Rob Reiner’s Flipped is based around an interesting gimmick, flipping perspectives after every sequence from the boy to the girl’s perspective, but it is rarely used to any real effect. Added to this, Reiner and companies attempt to capture the 60’s doesn’t quite work as well as they think it does.
Bryce didn’t really like Juli from the minute he laid eyes on her but Juli had other plans for the two. Juli falls for Bryce and his dream eyes instantly and firmly holds the belief that he will be her first kiss. But as their elementary school years pass them by, their relationship stays primarily one sided. Juli continues to swoon over Bryce while he does everything in his power to shake her for good. It is when Bryce’s grandfather moves in with the family that things begin to change for both of the kids and their perspectives of each other begins to evolve.
Things sound cute, sweet, and innocent in this little romance story but is in fact a dull and repetitive affair that uses its narration to beyond the level of over kill. The entire film is narrated, as in barely a minute goes by where one of the two leads isn’t telling us what they are thinking or describing what we are seeing on the screen. It is infuriating and as annoying as it sounds. It is a very literary device that can work in film but is so over killed here that it becomes unbearable. If I wanted characters describing everything to me I could go read a book.
The flipped gimmick, where we get a sequence from Bryce’s perspective then flips to Juli’s side of the story, is intriguing at first but quickly grows stale and is rarely properly utilized. The filmmakers don’t really use the opportunities this gimmick presents to their advantage except on a couple of rare occasions. If you are going to have such a unique storytelling device why not utilize it. They also don’t mix things up at all with the structure of the film. It is always Bryce, Juli, Bryce, Juli and any time something happens and we get an enlightening perspective the revelation is always within Juli’s side of the story. Also, anytime Juli’s story catches up to Bryce’s it switches back to his side of things. Why not have Juli’s story continue on and then the intriguing reveal falls in Bryce’s hands once or twice.
The film also fails in its attempt to try and play to the nostalgia of the era, the early 60’s, and never really sells its film’s setting. When has playing a couple top 40 hits from a time period, especially ones that have been utilized far better in other pictures, ever won over an audience over in successfully capturing a time period. To be fair, the film does get the broad strokes right but they feel forced and primarily there for story devices and to create drama. From Juli’s retarded uncle being something you don’t talk about, to Bryce’s dad’s drinking, and the “all kids are punks” attitude from people everyone of these elements is used to interject drama into a story that doesn’t really have a lot to serve up on its own. Juli’s fight for the tree is the thing that rings most true in the picture, but I felt like this could have even been executed a bit better. I hate to compare this to Mad Men but that show captured the early 60’s so beautifully that it allows for all the surprising and shocking social quirks from the era to come out naturally. In Flipped, the film never sells me on its recreation of the era and the result is things feeling far too forced and unnatural. At least things look nice, if that is any consolation.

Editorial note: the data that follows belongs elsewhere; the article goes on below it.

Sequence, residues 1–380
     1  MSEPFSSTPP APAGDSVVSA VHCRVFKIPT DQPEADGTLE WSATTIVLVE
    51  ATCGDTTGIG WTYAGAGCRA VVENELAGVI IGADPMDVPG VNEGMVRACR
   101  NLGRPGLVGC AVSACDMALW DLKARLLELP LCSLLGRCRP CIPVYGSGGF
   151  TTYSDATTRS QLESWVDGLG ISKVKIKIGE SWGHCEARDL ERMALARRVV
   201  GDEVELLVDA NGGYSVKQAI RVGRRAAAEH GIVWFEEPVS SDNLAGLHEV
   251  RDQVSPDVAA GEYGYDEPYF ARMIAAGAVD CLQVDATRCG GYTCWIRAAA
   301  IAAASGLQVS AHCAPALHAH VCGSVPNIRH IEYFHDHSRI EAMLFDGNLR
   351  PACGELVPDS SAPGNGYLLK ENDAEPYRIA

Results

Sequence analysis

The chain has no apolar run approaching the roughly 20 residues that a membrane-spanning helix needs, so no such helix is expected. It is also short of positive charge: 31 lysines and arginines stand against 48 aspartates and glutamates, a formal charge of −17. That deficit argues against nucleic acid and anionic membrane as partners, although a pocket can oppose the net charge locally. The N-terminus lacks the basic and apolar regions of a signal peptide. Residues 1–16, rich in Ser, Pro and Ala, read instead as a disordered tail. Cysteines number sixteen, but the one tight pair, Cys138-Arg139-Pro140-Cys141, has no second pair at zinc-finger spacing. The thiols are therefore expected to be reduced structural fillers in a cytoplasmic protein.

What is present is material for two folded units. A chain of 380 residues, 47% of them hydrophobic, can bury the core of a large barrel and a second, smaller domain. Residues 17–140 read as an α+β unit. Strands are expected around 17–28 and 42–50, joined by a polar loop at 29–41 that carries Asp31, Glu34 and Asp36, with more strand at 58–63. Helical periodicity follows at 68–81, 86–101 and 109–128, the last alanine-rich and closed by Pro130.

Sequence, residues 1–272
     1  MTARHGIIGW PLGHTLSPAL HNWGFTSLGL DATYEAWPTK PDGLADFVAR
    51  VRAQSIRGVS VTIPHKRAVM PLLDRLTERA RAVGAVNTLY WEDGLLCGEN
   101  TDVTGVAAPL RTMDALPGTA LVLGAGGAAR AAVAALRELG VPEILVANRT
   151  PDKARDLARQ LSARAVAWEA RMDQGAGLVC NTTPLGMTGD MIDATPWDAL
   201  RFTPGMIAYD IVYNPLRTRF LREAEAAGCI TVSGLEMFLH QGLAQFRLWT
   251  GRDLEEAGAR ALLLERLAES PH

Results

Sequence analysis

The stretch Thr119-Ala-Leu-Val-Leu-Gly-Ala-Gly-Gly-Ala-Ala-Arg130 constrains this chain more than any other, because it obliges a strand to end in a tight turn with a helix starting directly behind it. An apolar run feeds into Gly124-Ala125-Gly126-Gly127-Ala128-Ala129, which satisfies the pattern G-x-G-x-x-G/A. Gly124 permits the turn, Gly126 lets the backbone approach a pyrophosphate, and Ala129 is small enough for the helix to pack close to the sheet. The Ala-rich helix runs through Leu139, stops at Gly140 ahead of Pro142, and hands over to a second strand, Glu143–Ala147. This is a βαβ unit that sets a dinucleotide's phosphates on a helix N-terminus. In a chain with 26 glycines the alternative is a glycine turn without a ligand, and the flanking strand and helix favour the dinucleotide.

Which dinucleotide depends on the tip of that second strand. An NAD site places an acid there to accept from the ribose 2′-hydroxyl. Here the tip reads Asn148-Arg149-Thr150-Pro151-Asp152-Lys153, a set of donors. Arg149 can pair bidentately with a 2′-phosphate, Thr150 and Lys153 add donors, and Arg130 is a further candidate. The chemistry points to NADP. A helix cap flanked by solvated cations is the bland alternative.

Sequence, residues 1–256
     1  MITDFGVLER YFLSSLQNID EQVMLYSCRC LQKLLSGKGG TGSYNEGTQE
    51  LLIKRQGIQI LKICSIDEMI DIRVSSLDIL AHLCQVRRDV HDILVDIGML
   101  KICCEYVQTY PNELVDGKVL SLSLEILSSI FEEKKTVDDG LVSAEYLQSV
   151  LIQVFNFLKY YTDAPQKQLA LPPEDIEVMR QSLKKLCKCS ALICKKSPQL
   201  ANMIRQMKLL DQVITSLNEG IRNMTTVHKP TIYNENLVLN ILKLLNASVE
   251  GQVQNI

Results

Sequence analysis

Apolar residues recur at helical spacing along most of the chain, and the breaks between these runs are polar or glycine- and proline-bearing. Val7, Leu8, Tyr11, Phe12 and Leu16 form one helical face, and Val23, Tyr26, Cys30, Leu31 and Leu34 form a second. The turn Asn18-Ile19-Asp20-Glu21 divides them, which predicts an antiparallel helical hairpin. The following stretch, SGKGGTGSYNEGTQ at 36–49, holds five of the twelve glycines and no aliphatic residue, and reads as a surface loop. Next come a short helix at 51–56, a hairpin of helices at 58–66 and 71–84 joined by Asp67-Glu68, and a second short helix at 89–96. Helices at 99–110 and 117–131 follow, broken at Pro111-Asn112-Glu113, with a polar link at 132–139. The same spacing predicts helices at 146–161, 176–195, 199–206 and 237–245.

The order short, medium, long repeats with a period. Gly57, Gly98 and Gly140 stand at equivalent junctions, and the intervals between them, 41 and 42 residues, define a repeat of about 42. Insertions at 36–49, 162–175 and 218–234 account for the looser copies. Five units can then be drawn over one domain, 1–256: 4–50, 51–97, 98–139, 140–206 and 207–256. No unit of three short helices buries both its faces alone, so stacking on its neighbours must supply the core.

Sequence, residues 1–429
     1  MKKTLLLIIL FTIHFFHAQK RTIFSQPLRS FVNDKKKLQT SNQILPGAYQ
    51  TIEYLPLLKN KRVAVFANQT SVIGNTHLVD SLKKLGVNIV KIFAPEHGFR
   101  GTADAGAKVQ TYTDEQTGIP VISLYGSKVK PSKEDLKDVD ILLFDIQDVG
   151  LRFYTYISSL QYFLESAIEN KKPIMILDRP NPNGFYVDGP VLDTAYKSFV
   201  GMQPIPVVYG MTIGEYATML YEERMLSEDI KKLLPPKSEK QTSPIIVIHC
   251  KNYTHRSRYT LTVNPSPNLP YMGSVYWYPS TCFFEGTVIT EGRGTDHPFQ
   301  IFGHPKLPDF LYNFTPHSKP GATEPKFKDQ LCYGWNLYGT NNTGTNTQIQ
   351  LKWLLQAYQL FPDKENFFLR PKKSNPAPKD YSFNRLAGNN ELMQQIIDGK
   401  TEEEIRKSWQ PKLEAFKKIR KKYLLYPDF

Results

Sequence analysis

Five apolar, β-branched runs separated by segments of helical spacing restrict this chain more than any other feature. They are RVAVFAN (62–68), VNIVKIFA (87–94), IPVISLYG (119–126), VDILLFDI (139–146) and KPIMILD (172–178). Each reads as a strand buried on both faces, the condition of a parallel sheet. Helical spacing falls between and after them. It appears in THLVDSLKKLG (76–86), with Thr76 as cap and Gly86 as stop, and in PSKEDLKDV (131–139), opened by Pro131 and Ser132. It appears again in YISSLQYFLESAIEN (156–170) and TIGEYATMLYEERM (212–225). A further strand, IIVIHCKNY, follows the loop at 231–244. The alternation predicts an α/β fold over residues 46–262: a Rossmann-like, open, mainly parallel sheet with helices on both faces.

Not only is the world unbelievable, but just about every decision these characters make are seemingly for the sake of story and out of character. I don’t believe for one instant that these kids should be together. They are forced together by Bryce’s grandfather’s insistence and even after this Bryce does countless things that should repel Juli away.
The film is almost saying to girls, forget all the stupid shit that cute boy did once he does one act of kindness; it is enough to make up for years of being a jerk and avoiding being your friend. Just get together with any boy you thought was cute even when he proves he isn’t right for you time and time again because he has one moment of kindness. Way to instill confidence in young girls to realize that they shouldn’t waste their time on douche bag boys and instead just give in to the boy when he finally decides to give you the time of day; great message.
The acting in the film is also quite a mixed bag but the kids do an admirable effort. Both Madeline Carroll and Callan McAuliffe are pretty good as Juli and Bryce, respectively, and play off each other fairly well. They are more than capable of carrying the picture; it’s the poor use of narration and the films flipped gimmick that runs the film into the ground by the end. Anthony Edwards has a surprisingly mediocre turn in the film as Bryce’s father and he is never once all that believable as the “drinks a bit too much” dad. John Mahoney is one of the few bright spots of the cast as the sweet and kind grandfather of Bryce, Chet. While not quite a stretch for the actor he was very enjoyable to watch and will warm many a heart. Everyone else in the cast is admirable but rarely given much to do.
In the end, Flipped is a missed opportunity to make a unique and interesting family film about young love and family. The flipped device is completely underutilized and used in with simplicity that it makes the film both repetitive and dull. At 90 minutes the film felt like an eternity and that is a real shame since there was a lot of potential with this story device. If you are looking for a family film for everyone to enjoy, this isn’t it, and while Flipped isn’t a horrible film by any means it definitely isn’t a good one.
Flipped is a D-